Given the multiple dimensions of fixation data (the number of fixations, the fixation duration, and other fixation patterns) and choice behavior, it is therefore difficult to devise a single metric to perform model fitting. Instead, we perform model simulation under a particular set of parameter values to demonstrate that a fully Bayesian approach can capture a variety of aspects of participants' data, especially fixation patterns which have been largely overlooked in previous research. The parameters used in the simulation are σ0 = 4, δ = 0.005, γ = 0.1, λ = 1.1, κ = 2, ω = 2.5, and ω0 = −6.5 (see Table 1 for a summary description of model parameters). However, it is worth noting that we did examine our model over a large grid on the parameter space (Table 1). Our model simulation results did not strongly depend on the particular values of the parameters, and the behavior and fixation patterns in the Results section can be reproduced by a large proportion of parameters on the grid space.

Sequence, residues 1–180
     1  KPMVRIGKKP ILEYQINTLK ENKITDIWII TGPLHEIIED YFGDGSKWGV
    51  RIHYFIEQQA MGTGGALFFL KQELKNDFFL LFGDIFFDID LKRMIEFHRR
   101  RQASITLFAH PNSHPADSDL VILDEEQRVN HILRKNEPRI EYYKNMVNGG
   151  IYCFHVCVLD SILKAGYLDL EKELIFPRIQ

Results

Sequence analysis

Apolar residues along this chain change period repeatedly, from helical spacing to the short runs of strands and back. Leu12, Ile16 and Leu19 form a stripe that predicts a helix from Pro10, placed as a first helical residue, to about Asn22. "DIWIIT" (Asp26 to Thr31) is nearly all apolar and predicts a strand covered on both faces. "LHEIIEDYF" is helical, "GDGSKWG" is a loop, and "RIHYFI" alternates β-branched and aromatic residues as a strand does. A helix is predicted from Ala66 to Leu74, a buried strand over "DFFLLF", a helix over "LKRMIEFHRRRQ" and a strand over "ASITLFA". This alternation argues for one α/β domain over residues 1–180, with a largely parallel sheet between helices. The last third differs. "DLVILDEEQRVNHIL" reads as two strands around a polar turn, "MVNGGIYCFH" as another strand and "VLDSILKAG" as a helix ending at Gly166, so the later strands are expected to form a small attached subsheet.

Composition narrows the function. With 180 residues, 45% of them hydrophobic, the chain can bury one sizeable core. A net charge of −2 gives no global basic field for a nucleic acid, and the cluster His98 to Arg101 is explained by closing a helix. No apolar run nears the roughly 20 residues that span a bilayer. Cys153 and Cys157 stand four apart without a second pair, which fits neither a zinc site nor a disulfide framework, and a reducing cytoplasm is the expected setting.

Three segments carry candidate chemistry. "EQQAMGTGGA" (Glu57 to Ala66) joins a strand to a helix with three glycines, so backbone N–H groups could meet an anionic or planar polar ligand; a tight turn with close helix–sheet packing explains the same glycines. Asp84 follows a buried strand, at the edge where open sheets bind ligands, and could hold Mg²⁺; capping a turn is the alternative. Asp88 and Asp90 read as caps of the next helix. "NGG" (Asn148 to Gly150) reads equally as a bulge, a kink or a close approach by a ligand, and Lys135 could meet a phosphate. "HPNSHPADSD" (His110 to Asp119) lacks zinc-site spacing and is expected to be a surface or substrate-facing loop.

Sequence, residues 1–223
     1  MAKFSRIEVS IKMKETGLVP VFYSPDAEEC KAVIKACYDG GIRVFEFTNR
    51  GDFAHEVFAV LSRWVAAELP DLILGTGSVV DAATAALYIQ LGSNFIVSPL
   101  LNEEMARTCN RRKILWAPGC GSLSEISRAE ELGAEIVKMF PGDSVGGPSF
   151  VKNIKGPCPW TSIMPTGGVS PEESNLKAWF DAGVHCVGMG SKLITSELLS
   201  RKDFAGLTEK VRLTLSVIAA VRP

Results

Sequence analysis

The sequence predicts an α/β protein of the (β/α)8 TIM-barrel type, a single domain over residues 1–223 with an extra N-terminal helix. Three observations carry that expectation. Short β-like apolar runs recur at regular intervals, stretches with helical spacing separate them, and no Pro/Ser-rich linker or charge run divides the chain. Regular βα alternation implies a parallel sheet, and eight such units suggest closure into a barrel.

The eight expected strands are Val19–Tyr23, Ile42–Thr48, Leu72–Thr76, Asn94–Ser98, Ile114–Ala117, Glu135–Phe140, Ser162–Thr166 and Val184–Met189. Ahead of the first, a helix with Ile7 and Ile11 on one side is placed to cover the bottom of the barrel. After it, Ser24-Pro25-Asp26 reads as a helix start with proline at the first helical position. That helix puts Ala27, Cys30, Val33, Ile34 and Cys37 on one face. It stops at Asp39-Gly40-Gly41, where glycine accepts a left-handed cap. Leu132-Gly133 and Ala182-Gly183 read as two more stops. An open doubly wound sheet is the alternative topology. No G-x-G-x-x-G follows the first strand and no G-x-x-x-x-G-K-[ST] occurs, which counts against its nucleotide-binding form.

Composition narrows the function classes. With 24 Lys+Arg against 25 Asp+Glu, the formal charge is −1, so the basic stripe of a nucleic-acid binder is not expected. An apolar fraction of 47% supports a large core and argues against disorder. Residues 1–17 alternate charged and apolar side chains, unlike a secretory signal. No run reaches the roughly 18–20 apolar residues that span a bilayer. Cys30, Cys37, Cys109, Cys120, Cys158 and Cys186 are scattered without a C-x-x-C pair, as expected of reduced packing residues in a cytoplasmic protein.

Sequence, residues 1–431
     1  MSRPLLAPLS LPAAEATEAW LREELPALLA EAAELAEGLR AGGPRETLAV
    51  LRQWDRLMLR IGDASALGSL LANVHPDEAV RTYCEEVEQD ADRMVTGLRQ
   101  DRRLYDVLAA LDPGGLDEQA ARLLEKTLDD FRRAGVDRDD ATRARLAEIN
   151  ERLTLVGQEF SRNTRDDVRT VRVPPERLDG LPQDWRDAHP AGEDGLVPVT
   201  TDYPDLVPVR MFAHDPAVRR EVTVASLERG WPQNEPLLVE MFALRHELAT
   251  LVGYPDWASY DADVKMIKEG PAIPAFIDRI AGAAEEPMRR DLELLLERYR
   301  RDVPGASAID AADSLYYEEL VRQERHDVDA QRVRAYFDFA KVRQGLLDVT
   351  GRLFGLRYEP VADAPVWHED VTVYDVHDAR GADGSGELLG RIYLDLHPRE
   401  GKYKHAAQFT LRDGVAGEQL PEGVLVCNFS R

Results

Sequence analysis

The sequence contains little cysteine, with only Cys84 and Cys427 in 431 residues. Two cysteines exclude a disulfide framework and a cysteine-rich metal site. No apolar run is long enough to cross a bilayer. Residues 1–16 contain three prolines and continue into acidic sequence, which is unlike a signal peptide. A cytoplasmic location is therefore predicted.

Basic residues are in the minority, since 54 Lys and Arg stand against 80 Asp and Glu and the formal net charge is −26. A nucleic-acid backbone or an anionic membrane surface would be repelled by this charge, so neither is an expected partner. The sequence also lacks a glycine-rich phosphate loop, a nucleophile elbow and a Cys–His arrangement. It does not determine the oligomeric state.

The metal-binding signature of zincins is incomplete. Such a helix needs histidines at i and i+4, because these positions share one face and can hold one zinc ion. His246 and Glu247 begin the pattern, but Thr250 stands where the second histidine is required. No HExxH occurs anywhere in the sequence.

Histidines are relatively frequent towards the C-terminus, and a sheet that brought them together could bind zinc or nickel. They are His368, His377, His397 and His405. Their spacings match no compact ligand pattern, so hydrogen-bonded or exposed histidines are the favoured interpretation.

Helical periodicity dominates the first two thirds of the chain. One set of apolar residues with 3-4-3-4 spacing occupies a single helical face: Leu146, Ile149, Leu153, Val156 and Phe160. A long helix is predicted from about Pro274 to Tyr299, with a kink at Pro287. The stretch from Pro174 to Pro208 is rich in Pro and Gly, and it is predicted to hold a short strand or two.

Choice Patterns and Fixation Biases